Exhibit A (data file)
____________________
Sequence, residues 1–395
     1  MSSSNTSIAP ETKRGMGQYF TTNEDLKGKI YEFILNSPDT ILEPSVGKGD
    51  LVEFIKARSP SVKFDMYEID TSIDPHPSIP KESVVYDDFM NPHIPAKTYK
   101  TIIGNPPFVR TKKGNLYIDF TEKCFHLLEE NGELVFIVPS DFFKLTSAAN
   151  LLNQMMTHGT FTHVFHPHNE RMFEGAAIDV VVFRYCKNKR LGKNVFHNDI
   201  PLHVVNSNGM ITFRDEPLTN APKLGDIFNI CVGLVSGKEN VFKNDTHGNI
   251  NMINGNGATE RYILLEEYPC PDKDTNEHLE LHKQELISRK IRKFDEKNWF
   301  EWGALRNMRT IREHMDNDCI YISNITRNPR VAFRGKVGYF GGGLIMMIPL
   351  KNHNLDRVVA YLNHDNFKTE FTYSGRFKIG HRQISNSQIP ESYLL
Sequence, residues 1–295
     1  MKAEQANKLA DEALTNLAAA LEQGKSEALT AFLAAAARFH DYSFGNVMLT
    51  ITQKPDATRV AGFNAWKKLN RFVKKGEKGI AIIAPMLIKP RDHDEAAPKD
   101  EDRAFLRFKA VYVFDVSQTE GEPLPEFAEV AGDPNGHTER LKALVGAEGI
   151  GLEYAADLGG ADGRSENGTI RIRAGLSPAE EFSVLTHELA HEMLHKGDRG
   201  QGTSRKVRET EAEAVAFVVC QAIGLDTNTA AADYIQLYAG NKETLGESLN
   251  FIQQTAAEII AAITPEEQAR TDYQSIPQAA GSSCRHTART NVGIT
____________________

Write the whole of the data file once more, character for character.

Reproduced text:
Sequence, residues 1–395
     1  MSSSNTSIAP ETKRGMGQYF TTNEDLKGKI YEFILNSPDT ILEPSVGKGD
    51  LVEFIKARSP SVKFDMYEID TSIDPHPSIP KESVVYDDFM NPHIPAKTYK
   101  TIIGNPPFVR TKKGNLYIDF TEKCFHLLEE NGELVFIVPS DFFKLTSAAN
   151  LLNQMMTHGT FTHVFHPHNE RMFEGAAIDV VVFRYCKNKR LGKNVFHNDI
   201  PLHVVNSNGM ITFRDEPLTN APKLGDIFNI CVGLVSGKEN VFKNDTHGNI
   251  NMINGNGATE RYILLEEYPC PDKDTNEHLE LHKQELISRK IRKFDEKNWF
   301  EWGALRNMRT IREHMDNDCI YISNITRNPR VAFRGKVGYF GGGLIMMIPL
   351  KNHNLDRVVA YLNHDNFKTE FTYSGRFKIG HRQISNSQIP ESYLL
Sequence, residues 1–295
     1  MKAEQANKLA DEALTNLAAA LEQGKSEALT AFLAAAARFH DYSFGNVMLT
    51  ITQKPDATRV AGFNAWKKLN RFVKKGEKGI AIIAPMLIKP RDHDEAAPKD
   101  EDRAFLRFKA VYVFDVSQTE GEPLPEFAEV AGDPNGHTER LKALVGAEGI
   151  GLEYAADLGG ADGRSENGTI RIRAGLSPAE EFSVLTHELA HEMLHKGDRG
   201  QGTSRKVRET EAEAVAFVVC QAIGLDTNTA AADYIQLYAG NKETLGESLN
   251  FIQQTAAEII AAITPEEQAR TDYQSIPQAA GSSCRHTART NVGIT